Abstract

In “The Poetresses Hasty Resolution,” a prefatory poem to Margaret Cavendish’s (c. 1623–1673) first published collection, Poems and Fancies (London, 1653), the writer makes an excuse for having rushed her hastily written pieces into print. This is one of several prefaces scattered throughout Cavendish’s works that draws attention to the topic of time. Whereas the existing criticism has interpreted Cavendish’s apologies as indicative of her immediate circumstances of publication and her troubled desire for fame, this essay argues that Cavendish employs a conventional appeal to the audience’s good will for a strategic purpose: to challenge the emphasis placed on care and deliberation in humanist rhetoric and poetics.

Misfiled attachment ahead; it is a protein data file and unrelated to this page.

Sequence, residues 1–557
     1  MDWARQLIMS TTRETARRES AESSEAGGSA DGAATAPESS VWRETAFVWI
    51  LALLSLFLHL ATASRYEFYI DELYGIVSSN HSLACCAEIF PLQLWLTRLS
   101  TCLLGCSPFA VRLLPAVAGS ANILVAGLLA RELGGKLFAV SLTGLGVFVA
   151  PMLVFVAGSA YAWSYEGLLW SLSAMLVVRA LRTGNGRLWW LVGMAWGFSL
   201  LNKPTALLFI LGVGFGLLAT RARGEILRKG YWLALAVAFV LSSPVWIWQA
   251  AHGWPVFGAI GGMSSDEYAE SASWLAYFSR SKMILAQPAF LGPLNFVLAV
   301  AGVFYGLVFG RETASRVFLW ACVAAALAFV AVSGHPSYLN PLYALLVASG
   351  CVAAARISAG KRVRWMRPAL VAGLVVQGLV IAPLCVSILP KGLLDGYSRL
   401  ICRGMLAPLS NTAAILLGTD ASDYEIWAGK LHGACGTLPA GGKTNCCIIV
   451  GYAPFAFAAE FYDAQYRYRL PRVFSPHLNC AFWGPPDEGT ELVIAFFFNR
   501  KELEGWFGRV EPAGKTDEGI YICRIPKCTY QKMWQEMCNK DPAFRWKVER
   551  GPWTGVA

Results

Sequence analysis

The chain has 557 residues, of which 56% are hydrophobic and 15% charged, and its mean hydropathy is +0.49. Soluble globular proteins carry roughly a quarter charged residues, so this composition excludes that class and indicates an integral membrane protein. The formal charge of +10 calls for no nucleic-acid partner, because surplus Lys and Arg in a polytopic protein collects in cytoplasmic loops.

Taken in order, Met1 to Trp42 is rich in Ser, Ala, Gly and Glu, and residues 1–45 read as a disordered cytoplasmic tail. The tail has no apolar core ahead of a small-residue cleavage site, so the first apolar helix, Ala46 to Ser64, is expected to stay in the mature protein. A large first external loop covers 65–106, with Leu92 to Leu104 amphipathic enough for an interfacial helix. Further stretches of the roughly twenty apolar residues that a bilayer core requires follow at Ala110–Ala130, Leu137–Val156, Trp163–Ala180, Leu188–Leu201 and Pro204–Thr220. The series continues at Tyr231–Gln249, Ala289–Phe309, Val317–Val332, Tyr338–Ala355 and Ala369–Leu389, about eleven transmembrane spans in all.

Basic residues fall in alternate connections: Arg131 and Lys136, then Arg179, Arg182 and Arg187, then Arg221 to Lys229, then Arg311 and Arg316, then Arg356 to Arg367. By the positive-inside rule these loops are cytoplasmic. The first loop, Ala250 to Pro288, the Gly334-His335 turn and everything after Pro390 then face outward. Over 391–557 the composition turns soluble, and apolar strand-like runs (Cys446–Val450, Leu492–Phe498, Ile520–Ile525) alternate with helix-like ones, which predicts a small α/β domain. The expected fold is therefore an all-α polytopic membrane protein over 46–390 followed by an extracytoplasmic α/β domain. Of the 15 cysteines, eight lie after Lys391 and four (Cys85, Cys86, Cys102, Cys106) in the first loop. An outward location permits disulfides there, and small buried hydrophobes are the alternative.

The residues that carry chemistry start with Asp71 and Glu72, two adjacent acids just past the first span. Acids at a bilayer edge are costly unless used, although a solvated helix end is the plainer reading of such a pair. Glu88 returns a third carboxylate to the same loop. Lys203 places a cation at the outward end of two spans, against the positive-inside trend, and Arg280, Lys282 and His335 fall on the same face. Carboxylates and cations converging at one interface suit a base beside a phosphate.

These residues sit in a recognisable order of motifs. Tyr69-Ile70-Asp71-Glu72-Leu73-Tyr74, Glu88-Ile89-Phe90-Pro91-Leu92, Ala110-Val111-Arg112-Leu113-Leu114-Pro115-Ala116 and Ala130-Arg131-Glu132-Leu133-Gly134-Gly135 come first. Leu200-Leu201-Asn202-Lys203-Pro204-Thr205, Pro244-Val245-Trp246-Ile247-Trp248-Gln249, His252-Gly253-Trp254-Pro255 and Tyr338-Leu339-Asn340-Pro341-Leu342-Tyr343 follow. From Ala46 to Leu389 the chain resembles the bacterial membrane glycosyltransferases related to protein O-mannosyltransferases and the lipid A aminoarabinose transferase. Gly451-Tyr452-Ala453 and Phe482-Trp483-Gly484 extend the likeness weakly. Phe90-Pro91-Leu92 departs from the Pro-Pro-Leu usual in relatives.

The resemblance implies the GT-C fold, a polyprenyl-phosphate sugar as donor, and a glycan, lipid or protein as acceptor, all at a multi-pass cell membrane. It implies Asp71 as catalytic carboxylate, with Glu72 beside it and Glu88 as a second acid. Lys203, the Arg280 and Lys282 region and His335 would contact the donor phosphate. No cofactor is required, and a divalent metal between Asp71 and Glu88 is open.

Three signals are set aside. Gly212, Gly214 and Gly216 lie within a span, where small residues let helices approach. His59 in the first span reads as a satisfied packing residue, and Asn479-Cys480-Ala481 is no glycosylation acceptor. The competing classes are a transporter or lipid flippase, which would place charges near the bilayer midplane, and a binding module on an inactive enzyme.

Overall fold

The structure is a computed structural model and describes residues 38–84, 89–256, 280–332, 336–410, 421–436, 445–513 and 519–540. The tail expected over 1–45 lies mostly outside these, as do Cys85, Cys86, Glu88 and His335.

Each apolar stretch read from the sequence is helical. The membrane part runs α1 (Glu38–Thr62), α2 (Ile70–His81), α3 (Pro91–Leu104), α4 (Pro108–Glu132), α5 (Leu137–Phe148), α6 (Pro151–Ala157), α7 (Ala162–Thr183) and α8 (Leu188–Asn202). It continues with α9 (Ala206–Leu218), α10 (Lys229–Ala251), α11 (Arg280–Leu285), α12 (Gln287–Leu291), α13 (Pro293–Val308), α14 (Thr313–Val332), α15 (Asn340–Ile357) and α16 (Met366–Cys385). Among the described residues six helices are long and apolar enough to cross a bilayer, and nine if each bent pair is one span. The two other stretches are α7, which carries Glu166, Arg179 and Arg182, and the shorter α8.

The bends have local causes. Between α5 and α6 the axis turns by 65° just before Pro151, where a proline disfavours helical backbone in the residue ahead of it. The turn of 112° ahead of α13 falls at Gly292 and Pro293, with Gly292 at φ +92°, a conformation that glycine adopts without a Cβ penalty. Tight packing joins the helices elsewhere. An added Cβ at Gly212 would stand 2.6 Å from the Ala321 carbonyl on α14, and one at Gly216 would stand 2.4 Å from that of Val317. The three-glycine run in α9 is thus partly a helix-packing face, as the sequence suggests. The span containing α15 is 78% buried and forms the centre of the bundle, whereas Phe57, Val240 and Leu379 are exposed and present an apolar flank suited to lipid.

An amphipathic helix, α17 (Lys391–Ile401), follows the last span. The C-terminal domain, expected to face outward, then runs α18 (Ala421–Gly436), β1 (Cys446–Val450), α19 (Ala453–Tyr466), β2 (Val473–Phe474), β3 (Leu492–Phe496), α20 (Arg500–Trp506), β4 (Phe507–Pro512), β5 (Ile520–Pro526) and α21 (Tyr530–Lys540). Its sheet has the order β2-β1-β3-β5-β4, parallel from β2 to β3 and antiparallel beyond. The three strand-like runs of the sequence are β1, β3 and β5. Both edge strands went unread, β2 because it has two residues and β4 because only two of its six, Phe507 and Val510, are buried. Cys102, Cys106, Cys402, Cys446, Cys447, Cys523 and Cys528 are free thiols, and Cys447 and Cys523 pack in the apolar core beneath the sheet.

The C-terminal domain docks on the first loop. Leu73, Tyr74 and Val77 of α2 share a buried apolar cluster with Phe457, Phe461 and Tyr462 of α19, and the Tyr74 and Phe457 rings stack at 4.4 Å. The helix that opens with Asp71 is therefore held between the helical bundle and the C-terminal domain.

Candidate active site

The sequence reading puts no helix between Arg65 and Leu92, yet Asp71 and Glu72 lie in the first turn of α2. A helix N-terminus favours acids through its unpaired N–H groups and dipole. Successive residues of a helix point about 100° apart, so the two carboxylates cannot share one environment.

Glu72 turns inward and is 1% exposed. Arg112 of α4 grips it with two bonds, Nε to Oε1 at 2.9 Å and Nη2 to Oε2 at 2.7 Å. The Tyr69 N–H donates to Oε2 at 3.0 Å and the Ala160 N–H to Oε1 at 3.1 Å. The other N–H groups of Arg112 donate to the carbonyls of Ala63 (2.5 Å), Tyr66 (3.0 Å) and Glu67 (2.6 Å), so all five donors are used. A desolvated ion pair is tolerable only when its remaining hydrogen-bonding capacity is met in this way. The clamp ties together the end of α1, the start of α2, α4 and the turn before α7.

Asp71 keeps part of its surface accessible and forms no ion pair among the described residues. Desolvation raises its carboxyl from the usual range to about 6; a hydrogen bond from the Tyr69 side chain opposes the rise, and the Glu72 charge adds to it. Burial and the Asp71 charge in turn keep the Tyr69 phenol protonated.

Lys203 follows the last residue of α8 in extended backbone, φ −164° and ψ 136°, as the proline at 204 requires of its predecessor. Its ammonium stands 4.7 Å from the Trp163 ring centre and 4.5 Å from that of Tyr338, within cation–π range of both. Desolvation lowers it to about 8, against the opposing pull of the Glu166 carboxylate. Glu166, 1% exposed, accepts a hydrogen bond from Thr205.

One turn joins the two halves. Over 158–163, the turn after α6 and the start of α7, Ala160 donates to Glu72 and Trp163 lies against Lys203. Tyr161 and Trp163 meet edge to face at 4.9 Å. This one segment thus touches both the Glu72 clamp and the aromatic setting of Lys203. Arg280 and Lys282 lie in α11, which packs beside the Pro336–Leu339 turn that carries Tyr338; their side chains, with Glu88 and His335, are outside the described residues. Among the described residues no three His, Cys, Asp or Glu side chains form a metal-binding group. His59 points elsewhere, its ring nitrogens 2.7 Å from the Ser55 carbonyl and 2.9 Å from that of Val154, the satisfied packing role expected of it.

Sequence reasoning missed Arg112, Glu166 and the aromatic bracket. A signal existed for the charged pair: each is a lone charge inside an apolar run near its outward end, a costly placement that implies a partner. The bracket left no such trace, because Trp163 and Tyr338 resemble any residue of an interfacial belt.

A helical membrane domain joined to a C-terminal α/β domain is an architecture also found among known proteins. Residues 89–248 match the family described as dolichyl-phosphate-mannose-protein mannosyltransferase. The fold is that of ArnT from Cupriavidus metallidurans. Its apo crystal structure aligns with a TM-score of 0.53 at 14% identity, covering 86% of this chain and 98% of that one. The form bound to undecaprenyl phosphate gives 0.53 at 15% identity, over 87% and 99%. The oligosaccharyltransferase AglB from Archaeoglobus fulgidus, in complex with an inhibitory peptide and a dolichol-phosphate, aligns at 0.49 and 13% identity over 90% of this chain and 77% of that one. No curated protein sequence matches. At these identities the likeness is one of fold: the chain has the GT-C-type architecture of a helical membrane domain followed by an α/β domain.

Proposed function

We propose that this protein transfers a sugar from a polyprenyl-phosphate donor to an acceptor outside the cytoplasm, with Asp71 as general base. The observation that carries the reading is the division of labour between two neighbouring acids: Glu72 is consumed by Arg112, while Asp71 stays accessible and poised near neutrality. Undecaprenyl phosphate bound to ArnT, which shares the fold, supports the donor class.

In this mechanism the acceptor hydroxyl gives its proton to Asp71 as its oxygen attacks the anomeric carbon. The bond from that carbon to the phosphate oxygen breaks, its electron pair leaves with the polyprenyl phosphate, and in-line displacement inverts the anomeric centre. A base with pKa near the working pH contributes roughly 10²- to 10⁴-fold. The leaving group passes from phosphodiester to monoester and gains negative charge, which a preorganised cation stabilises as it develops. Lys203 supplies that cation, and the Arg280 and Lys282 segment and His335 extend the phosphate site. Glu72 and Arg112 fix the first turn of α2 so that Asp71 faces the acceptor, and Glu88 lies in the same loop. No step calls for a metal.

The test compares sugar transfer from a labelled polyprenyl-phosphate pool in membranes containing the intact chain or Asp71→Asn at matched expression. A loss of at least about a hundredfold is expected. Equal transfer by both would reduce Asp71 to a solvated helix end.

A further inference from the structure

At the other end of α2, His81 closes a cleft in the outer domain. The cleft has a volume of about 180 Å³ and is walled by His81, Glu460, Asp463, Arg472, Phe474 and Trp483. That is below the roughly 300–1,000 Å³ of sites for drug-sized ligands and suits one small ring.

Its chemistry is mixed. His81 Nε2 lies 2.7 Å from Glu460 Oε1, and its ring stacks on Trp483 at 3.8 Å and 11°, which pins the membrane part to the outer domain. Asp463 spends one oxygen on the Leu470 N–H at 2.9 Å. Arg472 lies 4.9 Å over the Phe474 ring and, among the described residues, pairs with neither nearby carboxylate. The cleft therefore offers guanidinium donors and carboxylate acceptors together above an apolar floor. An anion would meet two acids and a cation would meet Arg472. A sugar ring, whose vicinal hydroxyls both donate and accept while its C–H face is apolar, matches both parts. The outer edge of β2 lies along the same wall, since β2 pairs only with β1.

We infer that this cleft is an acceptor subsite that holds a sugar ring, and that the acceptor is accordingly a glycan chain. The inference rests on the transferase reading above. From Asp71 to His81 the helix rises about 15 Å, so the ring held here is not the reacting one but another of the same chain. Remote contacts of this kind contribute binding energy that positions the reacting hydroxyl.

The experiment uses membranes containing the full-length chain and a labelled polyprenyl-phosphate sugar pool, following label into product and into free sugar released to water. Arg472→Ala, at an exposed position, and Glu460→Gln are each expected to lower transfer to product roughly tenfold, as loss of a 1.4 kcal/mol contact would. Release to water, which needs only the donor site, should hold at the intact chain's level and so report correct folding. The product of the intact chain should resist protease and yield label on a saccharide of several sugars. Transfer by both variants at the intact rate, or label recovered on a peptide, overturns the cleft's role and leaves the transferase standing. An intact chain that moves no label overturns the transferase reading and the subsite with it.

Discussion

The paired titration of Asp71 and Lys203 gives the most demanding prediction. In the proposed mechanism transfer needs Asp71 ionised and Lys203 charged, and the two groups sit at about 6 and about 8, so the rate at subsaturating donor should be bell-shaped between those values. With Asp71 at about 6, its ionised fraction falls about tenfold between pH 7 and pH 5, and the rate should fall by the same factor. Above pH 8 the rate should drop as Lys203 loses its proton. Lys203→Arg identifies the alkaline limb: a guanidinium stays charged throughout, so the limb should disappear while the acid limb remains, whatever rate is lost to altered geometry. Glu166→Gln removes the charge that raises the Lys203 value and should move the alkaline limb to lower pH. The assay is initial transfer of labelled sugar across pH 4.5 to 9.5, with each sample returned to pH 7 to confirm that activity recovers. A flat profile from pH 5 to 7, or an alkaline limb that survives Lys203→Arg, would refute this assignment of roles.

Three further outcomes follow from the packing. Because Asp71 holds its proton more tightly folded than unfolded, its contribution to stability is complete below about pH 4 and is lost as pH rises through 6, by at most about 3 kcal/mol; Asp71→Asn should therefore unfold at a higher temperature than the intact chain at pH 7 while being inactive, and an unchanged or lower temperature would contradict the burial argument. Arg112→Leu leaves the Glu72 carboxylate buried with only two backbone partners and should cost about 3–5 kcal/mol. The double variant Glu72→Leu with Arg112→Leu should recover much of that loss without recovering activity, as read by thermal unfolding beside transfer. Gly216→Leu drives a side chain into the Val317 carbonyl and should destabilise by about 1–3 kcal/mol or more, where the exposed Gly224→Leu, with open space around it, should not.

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Additional Information

ISSN
1543-0383
Print ISSN
0039-3738
Pages
pp. 547-570
Launched on MUSE
2014-07-03
Open Access
No
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